At the moment there seem to be two viewpoints in Theravada that I can detect – one is that he develops insight (especially in lives as a monk under different Buddhas) – but only up to the stage of sankhar’upekkha nana (equanimity towards formations), which is just one stage short of anuloma nana when the stream-entry (or higher) is initiated and irrevocable. There are two posts on dsg by Ven.Dhammanando that I found very informative regarding this viewpoint: #42575 and #42602

The other viewpoint is that a bodhisatta never develops insight/wisdom past the point of the first few insight knowledges (until sammasana nana if I’m not mistaken), because at that point according to commentary one becomes a cula sotapanna – someone who’s ensured of becoming a sotapanna in that very life. This thing about cula-sotpanna is mentioned somewhere in the Path of purification as well as by Ledi Sayadaw I think.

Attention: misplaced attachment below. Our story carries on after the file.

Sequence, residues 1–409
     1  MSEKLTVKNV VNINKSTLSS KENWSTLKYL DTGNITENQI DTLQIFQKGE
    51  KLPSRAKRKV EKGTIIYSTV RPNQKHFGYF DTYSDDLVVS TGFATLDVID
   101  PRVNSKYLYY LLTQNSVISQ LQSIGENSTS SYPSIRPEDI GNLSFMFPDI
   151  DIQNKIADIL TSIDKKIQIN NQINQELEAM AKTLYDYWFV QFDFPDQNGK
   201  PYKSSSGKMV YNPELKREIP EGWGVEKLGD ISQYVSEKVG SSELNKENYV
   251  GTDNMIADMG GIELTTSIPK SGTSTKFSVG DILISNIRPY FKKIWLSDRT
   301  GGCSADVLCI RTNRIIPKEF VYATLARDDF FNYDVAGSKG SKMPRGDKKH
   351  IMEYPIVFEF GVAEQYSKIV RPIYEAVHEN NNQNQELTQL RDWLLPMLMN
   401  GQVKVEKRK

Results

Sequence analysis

What I don’t understand though is whether the issue of cula sotapnna applies to bodhisattas at all, because it might be possible that their vows in fact keep them from becoming a sotapanna even if their insight advances up to sankhar’upekkha nana.

As for Mahayana view on the progress of insight, I asked Ven.Pannasikhara once about this on e-sangha, but as far as I could understand him, the insight knowledges are not discussed in Mahayana, so that kind of the wisdom framework just isn’t applicable to Mahayana. Whether that means that in Mahayana insight is never developed quite as far as in Theravada (which is understandable as they are not interested in becoming a stream-enterer or higher until they have developed all the other paramis to perfection), or they just never developed a detailed system of describing development of insight as Theravada did, I simply don’t know.

Best wishes